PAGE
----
|Connect in Practice||This chapter shows cases of the multiple ways Things can be connected across a variety of industries: consumer, construction, telecommunications, power, oil and gas, healthcare, biotech, transportation, agriculture, and manufacturing.|
|Collect Principles||Things aren’t people. One of the ways that’s true is the volume of data that can be generated by things will be orders of magnitude larger that applications of the Internet of People. In this chapter we’ll cover some fundamental ways Thing data might be collected and stored. This includes in-memory databases, noSQL, and time-series collection architectures.|
|Collect in Practice||This chapter shows cases of the multiple ways in which data can be collected across a variety of industries: consumer, construction, telecommunications, power, oil and gas, healthcare, biotech, transportation, agriculture, and manufacturing.|
|Learn Principles||In the last generation of enterprise software we first focused on transaction processing and workflow applications and then used BI and OLAP applications to learn from the data. This time let’s use technology to learn from data; we’ll cover visualization, statistics, regression, and machine learning.|
|Learn in Practice||In the last generation of enterprise software we first focused on transaction processing and workflow applications and then used BI and OLAP applications to learn from the data. This time let’s use technology to learn from data; we’ll cover visualization, statistics, regression, and machine learning.|
|Do Principles||Outcomes. What are the outcomes? What does all of this technology to connect, collect and learn do? In this chapter we’ll discuss three major business benefits to the producers of modern machines, and three major benefits to the consumers.|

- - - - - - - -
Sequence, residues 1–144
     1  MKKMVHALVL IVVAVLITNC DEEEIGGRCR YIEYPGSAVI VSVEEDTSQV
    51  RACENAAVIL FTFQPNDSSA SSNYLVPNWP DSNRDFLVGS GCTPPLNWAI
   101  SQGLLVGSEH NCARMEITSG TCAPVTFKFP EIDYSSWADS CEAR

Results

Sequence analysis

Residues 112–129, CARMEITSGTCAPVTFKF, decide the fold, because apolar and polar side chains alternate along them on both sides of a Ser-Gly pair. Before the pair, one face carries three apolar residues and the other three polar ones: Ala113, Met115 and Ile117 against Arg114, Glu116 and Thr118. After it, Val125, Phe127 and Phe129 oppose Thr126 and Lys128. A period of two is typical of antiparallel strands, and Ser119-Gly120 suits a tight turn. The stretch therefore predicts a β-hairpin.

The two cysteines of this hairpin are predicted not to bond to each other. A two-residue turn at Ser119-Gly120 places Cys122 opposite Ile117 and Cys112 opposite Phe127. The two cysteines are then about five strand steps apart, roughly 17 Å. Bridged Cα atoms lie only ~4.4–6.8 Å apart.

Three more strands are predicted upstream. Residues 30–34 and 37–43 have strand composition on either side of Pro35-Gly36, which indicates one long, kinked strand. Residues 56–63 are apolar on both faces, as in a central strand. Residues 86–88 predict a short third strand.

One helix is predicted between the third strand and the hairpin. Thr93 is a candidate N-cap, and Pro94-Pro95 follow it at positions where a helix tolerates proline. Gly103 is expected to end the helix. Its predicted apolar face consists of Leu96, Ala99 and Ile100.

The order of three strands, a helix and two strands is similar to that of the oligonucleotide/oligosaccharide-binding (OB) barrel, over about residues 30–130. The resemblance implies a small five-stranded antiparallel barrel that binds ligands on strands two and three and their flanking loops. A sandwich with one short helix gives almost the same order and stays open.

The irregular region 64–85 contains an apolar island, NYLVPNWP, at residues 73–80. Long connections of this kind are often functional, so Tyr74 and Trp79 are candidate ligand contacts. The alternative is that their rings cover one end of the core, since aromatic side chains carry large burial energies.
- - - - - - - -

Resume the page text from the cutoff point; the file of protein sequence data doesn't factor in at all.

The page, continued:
|Do in Practice||We’ll cover cases across a variety of industries: consumer, construction, telecommunications, power, oil and gas, healthcare, biotech, transportation, agriculture, and manufacturing..|
|Precision Cooling Tower||This case story describes how standard cooling towers, which typically use toxic chemicals to treat the water used to facilitate cooling, present two fundamental challenges. First, a lot of water is wasted, as the resulting contaminated water must be expensively discharged to the sewer versus being reused for instance as landscape irrigation. And, second, if there is a malfunction in the cooling tower's system, there is significant risk of a resulting bacterial outbreak that can threaten human safety. In response, this story describes how Griswold Water Systems and Autodesk worked together to deploy IoT technology to make cooling towers both more efficient in water usage, as well as safer for the public.|
|Precision Buildings||This case story introduces Leroy Walden, Vice President of McKenney’s Inc. a mechanical contractor in the Southeast that offers a full range of services, including heating, ventilating and air conditioning (HVAC), process piping, plumbing, service and maintenance, and building automation and control systems, and how McKenney’s joined Gulf Power and Chevron Energy Solutions to implement a new energy management system at Eglin Air Force Base (Eglin).|
|Summary||This chapter will wrap up the introduction and discuss how these technologies can transform businesses..|
This course is based on the book Precision: Principles, Practices and Solutions for the Internet of Things by Dr Timothy Chou, which is widely available at major retailers in both paperback and eBook formats.
As a printed book
As an eBook
- Excellent: 41%
- Very Good: 45%
- Good: 14%
Precision Buildings and Cities includes 14 quizzes. Each quiz has 10 multiple-choice questions. Each quiz requires a 7 out of 10 correct to pass. A quiz can be taken multiple times; however, the order of the questions changes randomly each time a quiz is taken.
Upon successful completion of all quizzes, the individual will receive the following: